Schmitt trigger design | John Hearfield | ||||||||||||||
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This article shows how to design a Schmitt trigger using transistors, how to improve the basic design, and why it might sometimes be the best approach. What does it do?A Schmitt trigger is a decision-making circuit. It is used to convert a slowly varying analogue signal voltage into one of two possible binary states, depending on whether the analogue voltage is above or below a preset threshold value. A comparator can do much the same job. Can't I buy an integrated circuit to do this?Yes, CMOS devices are available, but you can't choose the threshold voltage, and they only work with a restricted range of supply voltage. For example, the 74HC14 is intended to run at +5v, with thresholds of typically 2.4v and 1.8v. Or you could use a comparator IC, and define the thresholds by means of additional discrete resistors. If you need to clean up a noisy or distorted digital signal, use an IC. If your requirement demands unusual voltages or a precise threshold, you might have to design a special circuit. The two-transistor Schmitt trigger and how it works
As it does so, T1 begins to starve T2 of base current, so T2 begins to turn off, and so its emitter voltage starts to fall. But this increases T1's base-emitter voltage, so T1 turns on more quickly. The positive feedback snaps the circuit into a state where T1 is on (and by design, saturated) and T2 is off. Vo now sits at close to +V. Finally, suppose Vi starts to fall back towards zero. T1's emitter voltage now is controlled by its own emitter current. When Vi has fallen to about 0.6v above this value (call it VN), T1 will start to turn off. This allows T2 to begin to turn on again, adding its own emitter current to T1's and so nudging the emitter voltage upwards. This compels T1 to turn off more quickly, and once again positive feedback snaps the circuit into its other state, with T1 off and T2 on. Thresholds and currentsI need to emphasize an important design constraint. Suppose Vi is rising slowly from zero, and reaches the threshold at which T1switches on. This threshold (VP) is set by T2's emitter current flowing through RE. As soon as Vi reaches VP, T2 switches off, and the current though RE now comes via T1. VP ≈ I_{2} R_{E}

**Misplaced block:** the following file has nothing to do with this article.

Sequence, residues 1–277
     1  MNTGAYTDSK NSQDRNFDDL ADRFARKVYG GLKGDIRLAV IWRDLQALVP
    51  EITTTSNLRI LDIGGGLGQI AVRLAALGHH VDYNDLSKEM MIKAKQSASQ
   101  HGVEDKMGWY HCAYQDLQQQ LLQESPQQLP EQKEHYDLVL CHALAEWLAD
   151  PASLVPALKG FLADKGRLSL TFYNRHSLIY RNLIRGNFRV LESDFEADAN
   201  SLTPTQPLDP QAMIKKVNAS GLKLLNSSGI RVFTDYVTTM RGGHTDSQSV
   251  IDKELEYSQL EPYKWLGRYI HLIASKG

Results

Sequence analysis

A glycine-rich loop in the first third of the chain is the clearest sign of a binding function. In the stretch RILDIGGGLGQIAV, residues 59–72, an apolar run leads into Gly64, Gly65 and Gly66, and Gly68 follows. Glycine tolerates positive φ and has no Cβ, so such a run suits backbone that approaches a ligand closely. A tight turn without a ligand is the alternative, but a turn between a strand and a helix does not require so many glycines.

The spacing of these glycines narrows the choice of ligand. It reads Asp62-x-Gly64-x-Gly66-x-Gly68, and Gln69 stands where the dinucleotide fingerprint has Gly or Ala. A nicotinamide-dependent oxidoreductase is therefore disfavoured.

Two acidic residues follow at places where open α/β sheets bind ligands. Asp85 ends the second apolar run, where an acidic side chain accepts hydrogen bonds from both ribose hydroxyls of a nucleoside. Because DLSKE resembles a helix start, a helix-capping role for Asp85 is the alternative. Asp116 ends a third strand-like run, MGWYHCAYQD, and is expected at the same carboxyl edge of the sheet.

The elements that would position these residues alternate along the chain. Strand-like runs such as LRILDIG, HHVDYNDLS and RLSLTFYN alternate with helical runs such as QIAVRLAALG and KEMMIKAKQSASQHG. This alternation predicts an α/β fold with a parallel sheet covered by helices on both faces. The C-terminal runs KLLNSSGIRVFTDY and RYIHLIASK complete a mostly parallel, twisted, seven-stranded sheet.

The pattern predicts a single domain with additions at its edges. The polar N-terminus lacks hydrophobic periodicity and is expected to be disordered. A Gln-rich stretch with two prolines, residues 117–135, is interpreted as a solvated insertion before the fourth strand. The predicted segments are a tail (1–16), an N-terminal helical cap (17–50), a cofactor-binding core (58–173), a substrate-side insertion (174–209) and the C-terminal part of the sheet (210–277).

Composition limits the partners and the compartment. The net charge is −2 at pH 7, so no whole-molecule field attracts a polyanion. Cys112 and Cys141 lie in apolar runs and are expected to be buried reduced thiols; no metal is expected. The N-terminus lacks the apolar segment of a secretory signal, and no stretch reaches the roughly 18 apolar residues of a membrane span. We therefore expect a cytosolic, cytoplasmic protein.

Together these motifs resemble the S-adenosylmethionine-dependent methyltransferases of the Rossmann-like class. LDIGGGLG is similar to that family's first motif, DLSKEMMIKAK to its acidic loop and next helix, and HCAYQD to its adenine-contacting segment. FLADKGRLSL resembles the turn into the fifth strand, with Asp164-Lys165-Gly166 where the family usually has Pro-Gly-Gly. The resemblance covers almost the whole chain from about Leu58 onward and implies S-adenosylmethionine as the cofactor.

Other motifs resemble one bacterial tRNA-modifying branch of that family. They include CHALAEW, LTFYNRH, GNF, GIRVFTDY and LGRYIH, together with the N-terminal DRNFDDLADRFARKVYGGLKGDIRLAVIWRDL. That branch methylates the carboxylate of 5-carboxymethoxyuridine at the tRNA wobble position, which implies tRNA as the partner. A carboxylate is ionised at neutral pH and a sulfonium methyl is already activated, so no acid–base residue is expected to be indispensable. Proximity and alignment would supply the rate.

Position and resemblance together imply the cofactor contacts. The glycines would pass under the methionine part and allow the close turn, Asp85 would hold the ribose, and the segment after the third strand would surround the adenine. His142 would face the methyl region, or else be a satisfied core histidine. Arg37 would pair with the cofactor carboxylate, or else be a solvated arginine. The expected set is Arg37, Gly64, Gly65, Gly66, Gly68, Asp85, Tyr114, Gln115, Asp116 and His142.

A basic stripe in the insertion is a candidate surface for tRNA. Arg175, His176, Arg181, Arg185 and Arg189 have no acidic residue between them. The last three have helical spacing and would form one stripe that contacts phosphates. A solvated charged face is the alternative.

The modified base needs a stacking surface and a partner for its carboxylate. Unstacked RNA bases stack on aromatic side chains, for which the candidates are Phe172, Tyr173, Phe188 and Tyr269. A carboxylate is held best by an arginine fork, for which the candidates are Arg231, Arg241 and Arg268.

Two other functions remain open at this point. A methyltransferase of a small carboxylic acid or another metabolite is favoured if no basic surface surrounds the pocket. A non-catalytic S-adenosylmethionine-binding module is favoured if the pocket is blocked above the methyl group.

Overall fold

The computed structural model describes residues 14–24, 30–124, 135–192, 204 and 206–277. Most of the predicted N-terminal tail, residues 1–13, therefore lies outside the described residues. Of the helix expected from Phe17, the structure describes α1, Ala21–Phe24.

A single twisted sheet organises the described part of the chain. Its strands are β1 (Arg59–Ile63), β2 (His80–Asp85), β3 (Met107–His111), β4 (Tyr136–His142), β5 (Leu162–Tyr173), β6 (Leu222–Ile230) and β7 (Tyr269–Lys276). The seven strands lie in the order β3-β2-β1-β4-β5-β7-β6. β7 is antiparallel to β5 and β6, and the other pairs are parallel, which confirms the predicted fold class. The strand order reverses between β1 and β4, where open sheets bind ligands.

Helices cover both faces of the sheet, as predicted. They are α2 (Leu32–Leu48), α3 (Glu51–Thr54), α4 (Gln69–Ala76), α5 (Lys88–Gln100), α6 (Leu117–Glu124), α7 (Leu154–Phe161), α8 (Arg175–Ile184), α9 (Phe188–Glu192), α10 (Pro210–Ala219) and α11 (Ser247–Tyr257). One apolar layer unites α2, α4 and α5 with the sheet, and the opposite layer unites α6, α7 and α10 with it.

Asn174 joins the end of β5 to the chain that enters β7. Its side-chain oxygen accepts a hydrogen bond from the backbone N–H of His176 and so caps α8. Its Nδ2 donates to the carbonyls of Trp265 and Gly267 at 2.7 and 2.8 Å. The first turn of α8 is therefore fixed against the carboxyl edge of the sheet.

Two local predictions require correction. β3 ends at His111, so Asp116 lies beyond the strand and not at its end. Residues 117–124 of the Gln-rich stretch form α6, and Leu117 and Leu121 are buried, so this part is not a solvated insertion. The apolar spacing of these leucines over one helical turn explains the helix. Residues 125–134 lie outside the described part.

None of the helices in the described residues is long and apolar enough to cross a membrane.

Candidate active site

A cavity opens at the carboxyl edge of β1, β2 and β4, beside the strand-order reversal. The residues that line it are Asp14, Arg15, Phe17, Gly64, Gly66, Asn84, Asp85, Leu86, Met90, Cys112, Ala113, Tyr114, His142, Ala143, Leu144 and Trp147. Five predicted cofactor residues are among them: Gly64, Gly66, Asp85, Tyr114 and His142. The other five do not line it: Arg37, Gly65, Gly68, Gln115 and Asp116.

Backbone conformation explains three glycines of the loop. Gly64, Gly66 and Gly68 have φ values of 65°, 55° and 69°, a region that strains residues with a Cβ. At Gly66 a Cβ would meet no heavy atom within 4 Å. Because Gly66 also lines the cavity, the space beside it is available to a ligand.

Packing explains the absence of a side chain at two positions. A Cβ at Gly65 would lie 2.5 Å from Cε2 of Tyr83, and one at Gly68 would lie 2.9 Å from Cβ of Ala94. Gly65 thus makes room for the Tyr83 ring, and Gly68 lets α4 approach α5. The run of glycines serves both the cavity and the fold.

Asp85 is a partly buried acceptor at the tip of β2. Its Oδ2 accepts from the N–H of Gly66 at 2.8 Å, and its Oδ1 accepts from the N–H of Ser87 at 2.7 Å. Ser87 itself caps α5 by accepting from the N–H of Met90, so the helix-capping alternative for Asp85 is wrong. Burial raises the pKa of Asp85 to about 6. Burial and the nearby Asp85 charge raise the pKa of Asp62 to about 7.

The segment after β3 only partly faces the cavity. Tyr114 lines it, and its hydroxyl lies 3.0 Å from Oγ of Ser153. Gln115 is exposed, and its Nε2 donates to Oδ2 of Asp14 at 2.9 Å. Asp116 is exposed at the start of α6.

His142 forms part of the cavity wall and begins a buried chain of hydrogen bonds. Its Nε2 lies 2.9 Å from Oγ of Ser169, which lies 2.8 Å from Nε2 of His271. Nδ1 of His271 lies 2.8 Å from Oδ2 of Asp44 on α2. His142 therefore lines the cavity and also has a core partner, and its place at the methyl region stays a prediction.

V_{N} ≈ I_{1} R_{E} Suppose for a moment that this current is larger than that from T2. If it were, T1's emitter voltage would rise abruptly when T1switched on. But T1 would then suddenly discover that its base voltage (Vi) was now smaller than its new emitter voltage, and would instantly switch off. But then its emitter voltage would drop again, and so it would turn on again. In other words, the circuit would oscillate. It follows that the designer must ensure that the current in T1 (I1) is smaller than the current in T2 (I2), or the circuit won't work! And it also follows that the threshold at which T2 switches on again (VN) must be lower than VP. The difference between the two thresholds is known as the circuit's 'hysteresis', by analogy with what happens in a transformer core, I suppose. Design example
Warning. What follows is not for those who insist on precision. Design need not always involve Difficult Sums! The first step is to decide the threshold VP. From the waveform, it probably ought to be around 12 or 13v. Next, choose the current that will flow in T2. A low value saves energy but implies a high value of collector load resistor, which might slow down the switching edges. Choose 3 mA in T2 for now. Then the emitter resistor RE will be [12v / 3mA] = 4k. Use 3.9kΩ. Next, calculate R2 as [(24v - 12v) / 3mA] = 4k. Use 3.9kΩ here too. VP ≈ I_{2} R_{E}
V_{N} ≈ I_{1} R_{E} Finally, choose T1's collector current and hence the lower threshold voltage VN. The noise spikes look troublesome, so it would be sensible to aim for around 9 or 10v - which would give about 4v of hysteresis - which sets I1 at [9v / 3.9kΩ] = 2.3mA. Then R1 is [(24v - 9v) / 2.3mA] = 6.5k. Use 6.2kΩ. R3 limits T1's maximum base current, which could safely be [2.3mA / 30] = 77μA (because the transistor won't have a current gain lower than 30), so R3 is [(24v - 9v) / 77μA] = 194k. Use 180kΩ. (I'm assuming that the circuit is driven from a zero-impedance voltage source. If it's not, then the source impedance can be subtracted from R3.) That leaves RA & RB. RA is there to limit T2's base current when T1 is off, and RB ensures that temperature effects won't matter. The two resistors form a potential divider which must set T2's base at (say) 12.6v with T1 off, and draw a current significantly higher than T2's base current, which can't exceed [3mA / 30] = 100μA. Choose the bleed current through RA & RB to be about 500μA, so that it's much larger than T2's base current. Then if R1 were zero, the sum of RA & RB would be [24v / 0.5mA] = 48kΩ and with the divider mid-point at 12.6v, [RB / (RA+RB)] = [12.6v / 24v] = 0.53, which implies RB = 1.1 RA. This implies that RB is [48k x 1.1/2.1] = 25k and RA is [48k - 25k] = 23k. HoweverR1 isn't zero, it's 6.2kΩ, so the real value of RA is [23k - 6k] = 17k. So, round the values down, since a bit more current won't matter, and choose RA = 15kΩ and RB = 22kΩ. There. Finished. Now to build one and try it. Well, simulate it, anyway. It works as it's supposed to, switching at 12v and 8v. Final circuit for the design example
An alternative approach using three transistors
A simpler alternative
An even simpler alternativeIf you've read this far, you now know how the circuit works, how to design one, and how to tweak it. But you might still be wondering when, if ever, you would choose this approach.
References Circuit consultant's casebook - TK Hemingway (Business Books, 1970) |